In May of 2017, Attorney General Jeff Sessions removed himself from handling any matters relating to the Russia investigation headed up by Robert Mueller. As you know, this investigation is a complete fishing expedition with the sole purpose of placing a cloud over Donald Trump’s presidency. In legal jargon, a fishing expedition is an investigation into no crime. During a fishing expedition, investigators go out looking for crimes rather than investigating real crimes that have already occurred. According to long-standing legal framework, in order to open an investigation, there must be an identifiable crime. No police department opens an investigation into the potential robbing of a bank. No, either the bank was robbed or it wasn’t. If it was, then you open an investigation.
The purpose of placing a cloud over Trump’s presidency has largely been successful. President Trump’s detractors can’t go a day without citing the investigation and claiming that the president “colluded” with the Russians to win the election in 2016.
Fair-minded people can clearly see that no evidence has been revealed to implicate President Trump in anything illegal. A fishing expedition that has come up with nothing does, however, beg the question, “Why did Jeff Sessions remove himself from arguably the most important case before his own department?” There isn’t a clear answer but according to reports, the Attorney General received counsel from Department of Justice officials prior to making this decision. It is highly likely that the officials counseling Sessions were Obama holdovers, officials who were hired by and worked for President Obama.
Was the recusal appropriate? Not if Sessions was getting his advice from people loyal to Obama. As we have since discovered, integrity was not paramount in the Obama DOJ. If Sessions based his recusal on the advice of those who despised the new president (and by association, himself) he made a huge mistake.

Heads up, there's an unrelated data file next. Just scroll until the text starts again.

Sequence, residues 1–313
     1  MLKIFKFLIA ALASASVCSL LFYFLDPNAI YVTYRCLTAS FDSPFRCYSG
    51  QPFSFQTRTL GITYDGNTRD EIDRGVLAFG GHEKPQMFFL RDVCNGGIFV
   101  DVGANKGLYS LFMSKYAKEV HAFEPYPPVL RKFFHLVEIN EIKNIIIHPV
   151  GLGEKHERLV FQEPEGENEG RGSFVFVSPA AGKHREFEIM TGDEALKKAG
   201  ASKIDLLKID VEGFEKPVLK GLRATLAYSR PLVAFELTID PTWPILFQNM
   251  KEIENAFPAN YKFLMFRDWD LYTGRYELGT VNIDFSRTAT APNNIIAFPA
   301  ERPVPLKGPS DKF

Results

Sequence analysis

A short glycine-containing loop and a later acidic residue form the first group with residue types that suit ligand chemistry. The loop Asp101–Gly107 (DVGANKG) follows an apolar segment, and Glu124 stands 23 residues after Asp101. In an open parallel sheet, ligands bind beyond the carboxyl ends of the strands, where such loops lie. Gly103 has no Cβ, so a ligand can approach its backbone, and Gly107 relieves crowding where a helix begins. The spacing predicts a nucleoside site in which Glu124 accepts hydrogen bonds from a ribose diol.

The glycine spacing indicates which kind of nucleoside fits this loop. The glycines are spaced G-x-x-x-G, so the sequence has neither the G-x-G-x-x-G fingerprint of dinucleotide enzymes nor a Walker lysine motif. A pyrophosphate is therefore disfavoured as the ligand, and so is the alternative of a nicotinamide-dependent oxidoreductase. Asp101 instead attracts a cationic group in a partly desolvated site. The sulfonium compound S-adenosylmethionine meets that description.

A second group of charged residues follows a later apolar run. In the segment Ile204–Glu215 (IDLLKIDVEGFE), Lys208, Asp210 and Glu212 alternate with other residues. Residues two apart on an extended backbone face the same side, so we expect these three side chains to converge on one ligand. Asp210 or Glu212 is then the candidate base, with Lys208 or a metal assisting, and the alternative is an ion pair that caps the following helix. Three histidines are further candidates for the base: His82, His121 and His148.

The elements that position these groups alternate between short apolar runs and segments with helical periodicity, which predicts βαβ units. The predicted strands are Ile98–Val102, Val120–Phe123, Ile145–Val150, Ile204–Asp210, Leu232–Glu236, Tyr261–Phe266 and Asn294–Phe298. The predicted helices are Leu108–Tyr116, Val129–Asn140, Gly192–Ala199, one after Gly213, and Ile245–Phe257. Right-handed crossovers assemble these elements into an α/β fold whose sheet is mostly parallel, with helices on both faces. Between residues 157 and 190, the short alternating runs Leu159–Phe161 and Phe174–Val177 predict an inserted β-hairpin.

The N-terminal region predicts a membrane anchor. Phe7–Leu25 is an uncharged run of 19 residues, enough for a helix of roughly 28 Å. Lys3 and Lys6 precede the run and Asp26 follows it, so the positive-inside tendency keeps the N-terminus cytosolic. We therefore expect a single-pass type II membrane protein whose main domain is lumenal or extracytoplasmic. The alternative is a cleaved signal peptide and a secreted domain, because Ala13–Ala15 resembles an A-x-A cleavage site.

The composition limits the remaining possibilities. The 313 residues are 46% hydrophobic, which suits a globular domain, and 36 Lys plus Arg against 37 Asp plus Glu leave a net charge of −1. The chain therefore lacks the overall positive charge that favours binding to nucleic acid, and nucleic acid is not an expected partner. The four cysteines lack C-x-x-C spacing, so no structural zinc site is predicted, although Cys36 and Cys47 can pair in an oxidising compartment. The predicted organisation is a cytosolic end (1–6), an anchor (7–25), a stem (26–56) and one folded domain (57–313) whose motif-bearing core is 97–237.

From all of the information that I have gathered, at the time of his recusal, there was no verifiable evidence that the Trump campaign coordinated with a foreign government to win the election. Furthermore, it was known within the Department of Justice and FBI that many biased agents who didn’t like president Trump, were in charge of the investigation. Men such as James Comey, Andrew McCabe, and Peter Strzok. The DOJ Inspector General report concluded as much. Are we to believe that Jeff Sessions actually thought that if he recused himself from the investigation that it would still be handled with integrity despite the handwriting on the wall? Those inside the DOJ, including the boss (Jeff Sessions), had to have known that the Russia investigation was rotten at its core. Yet he still recused himself.
This brings us to the question, “What should happen now?” Deputy Attorney General Rod Rosenstein should have ended the Mueller probe and published a report on his findings. But, understanding that Rosenstein is the one who extended this fishing expedition by hiring Robert Mueller to lead a special counsel into the matter, it is unlikely he will reel in the Mueller team anytime soon. The special counsel has an almost unlimited budget with dozens of attorneys and staff members devoted to it. Over one year into the Mueller-led probe and $20 million taxpayers’ dollars spent; there isn’t one iota of evidence to suggest that the Trump campaign colluded with a foreign government to win the election.
Because Rosenstein is apparently unwilling to reel in a corrupt and biased investigation, the only option left is for President Trump to fire Robert Mueller via his executive authority. If Mueller is allowed to continue, he will likely carry this phony investigation into 2019 and beyond. After all, this investigation was begun (by corrupt Obama officials) to bring down the Trump presidency. Why would they voluntarily stop prior to completing their objective? They won’t.